Some warning signs can be awfully helpful. Surely you’ve been driving through the desert and seen one those signs saying “DON’T HAVE SEX ON A CACTUS. YOU MAY SUFFER AN UNFORTUNATE INJURY I’D RATHER NOT TRY TO DESCRIBE”. Maybe you’ve purchased a pogo stick and noticed the warning on the box: “DON’T HAVE SEX WHILE RIDING THIS POGO STICK. YOU MIGHT FALL OFF AND SKIN YOUR KNEES, OR GOD KNOWS WHAT ELSE.” The title of this movie tells you all you need to know; “DON’T GO IN THE WOODS”.
Because really, when you see a bunch of knuckleheads in a slasher movie take a trip into the woods, has there ever been any good to come of it? Do they connect with nature in a spiritual manner? Do they happen upon lost treasure, stashed there by bank robbing outlaws from the old west who were shot down in a blaze of glory before they could return for the treasure and flee to a tequila distillery in Mexico?
Of course not. They get fucking killed. Even if they do manage to escape the clutches of a psychopath, there are still hungry bears running around, not to mention snakes, poison ivy, and all the rest of nature’s pitfalls. You might even bump into Bigfoot, which would be pretty cool, but who’s to say Bigfoot hasn’t had a bad week and decides to rip your arms off?
All of this is lost on the lead camper in the film. He walks around, all knowledgeable and shit, talking about “the most important rule of camping is ‘don’t go in the woods…alone!’”. Motherfucker, try ever. Actually, "Don’t Go in the Woods…Alone!" is an alternate title to the film. While it may seem redundant, there is a difference. It’s irrelevant that the campers are travelling in a group. They get killed anyway. Viewing the film under the alternate title creates a further feeling of hopelessness. No matter what you do or who you’re with, you’re completely fucked.
In some tiny, scuzzy video store in Glendale, around age 8 or so, I tried to convince my mom to rent me a copy of DGITW. She refused, and I was crushed and dismayed. This was exactly the kind of movie I was looking for, what with a cover showing a woman’s severed head sitting on a big sign saying “Don’t Go in the Woods!”. Surely, this simple VHS cassette contained a vast gutter symphony of the raw, unrelenting dismemberment of backpackers. Now, one steadfast rule I have found when dealing with the “teens in the woods” slasher subgenre is that, regardless of quality, they are all pretty good. As it turns out, many years later, I managed to procure a VHS copy of DGITW. Let’s just say it tests this theory.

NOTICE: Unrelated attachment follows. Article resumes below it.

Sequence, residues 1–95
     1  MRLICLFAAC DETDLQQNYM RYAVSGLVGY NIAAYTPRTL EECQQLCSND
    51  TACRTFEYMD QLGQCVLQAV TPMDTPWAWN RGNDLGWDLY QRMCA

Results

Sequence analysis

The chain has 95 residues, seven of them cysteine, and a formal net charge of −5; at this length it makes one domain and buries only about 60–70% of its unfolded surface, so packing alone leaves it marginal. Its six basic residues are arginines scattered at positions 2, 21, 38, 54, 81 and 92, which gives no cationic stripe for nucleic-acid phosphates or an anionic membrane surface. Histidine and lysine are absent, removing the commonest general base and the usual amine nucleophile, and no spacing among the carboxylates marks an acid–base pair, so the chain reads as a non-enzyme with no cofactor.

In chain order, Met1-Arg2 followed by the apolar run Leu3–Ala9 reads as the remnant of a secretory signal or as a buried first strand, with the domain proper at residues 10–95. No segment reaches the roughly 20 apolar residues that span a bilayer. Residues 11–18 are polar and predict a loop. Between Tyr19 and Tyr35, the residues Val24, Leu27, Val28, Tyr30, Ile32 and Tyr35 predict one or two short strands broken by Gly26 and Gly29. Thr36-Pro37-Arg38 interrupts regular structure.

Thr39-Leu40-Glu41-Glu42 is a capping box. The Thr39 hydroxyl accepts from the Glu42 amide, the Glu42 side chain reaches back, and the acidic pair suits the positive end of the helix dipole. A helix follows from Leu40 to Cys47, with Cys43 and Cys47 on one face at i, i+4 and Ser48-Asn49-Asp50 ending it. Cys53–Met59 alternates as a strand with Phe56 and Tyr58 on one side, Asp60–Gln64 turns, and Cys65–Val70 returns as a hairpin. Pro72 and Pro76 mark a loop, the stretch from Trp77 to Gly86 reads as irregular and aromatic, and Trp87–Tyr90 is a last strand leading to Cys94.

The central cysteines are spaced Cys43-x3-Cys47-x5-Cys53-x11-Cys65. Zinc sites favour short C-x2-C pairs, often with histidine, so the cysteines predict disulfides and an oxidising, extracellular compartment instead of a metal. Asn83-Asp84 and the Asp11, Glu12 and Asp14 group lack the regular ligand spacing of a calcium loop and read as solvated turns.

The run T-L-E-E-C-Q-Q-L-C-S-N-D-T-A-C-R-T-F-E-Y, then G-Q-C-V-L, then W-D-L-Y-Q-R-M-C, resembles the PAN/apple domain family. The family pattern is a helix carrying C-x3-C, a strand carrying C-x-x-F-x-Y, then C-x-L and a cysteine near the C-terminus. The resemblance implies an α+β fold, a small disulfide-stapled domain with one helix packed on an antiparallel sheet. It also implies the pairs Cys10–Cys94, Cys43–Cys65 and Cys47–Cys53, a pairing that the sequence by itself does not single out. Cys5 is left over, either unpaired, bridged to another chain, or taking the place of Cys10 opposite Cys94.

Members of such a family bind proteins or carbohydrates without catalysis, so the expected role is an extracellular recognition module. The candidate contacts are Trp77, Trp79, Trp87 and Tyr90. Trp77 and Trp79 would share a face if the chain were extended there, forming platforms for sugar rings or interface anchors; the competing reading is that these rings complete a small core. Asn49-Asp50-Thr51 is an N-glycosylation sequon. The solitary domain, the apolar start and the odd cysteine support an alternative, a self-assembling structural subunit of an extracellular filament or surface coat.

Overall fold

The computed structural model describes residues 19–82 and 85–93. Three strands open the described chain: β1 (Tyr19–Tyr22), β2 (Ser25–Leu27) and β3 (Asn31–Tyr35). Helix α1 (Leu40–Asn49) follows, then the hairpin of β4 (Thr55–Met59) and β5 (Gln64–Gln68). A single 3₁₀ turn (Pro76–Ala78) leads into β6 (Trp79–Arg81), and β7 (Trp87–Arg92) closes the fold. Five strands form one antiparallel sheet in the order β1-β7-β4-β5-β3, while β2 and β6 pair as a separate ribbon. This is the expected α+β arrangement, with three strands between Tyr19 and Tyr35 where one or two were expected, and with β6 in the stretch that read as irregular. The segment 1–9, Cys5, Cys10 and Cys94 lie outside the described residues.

DGITW is squarely of the “grab some equipment we don’t know how to use, snag some idiots off the street, and let's head to the mountains of Utah and make some shit up” school of filmmaking. I’m assuming they hired a chimpanzee to direct the film. Brain damaged by syphilis, he waved his banana around to direct the cast and crew, occasionally tossing one at someone if they appeared confident in their approach.
One sequence kind of sums up the movie. Some schmuck in a wheelchair (accompanied by goofy keyboard noises) is hiking in the mountains (!) when he rolls his crippled ass up to a cliff. Suddenly, out of nowhere, somebody cuts his head off with a machete. His head rolls off the cliff, and this is captured in a quick, jaggedly edited succession of shots:
Shot#1 - The guy gets his head chopped off in broad daylight, in a shot poorly composed and improperly exposed.
Shot#2 - His head starts to roll off his body. It is now early evening. The sun is setting. Still shitty looking.
Shot #3 - The head rolls over the cliff in total darkness. It is now late evening. Can’t tell if it still looks like shit. No longer care.
Also, between the dying gasps of a Casio keyboard being smacked to death with a dead fish, and the dialogue being dubbed by lobotomized Mormons, DGITW maintains a level of aural stupidity unparalleled in the history of cinema (and I’m not even going to mention the fucking theme song).
The real glue that holds all of this together is the fat ass sheriff who, in prototypical fashion, doesn’t like to be bothered with actually doing his job, presumably because it leaves him more time to bath in a trough of gravy. Many victims are claimed, and therefore many people are reported missing, but he barely registers a modicum of concern. He just calls for his trusty helicopter, choppers his way out to the mountain surplus store, and tells the clerk that if any of these poor bastards happen to show up, “let them know they’re missing”. He then gets back in the chopper and heads home, presumably to cry himself to sleep after a feast of curly fries and self-loathing.
In the end, we are not left with a lesson about the dangers of the woods, or modern man’s inability to connect with the chaos of nature, but rather, the nature of filming in the woods with no rhyme, reason, or script. Each shot is not a story progression, but rather, a document of its own creation. If some films wish to make the process invisible, the process of DGITW is akin to a wannabe invisible man walking around, unaware his serum isn’t working. What we are left with is just another moron covered in bandages.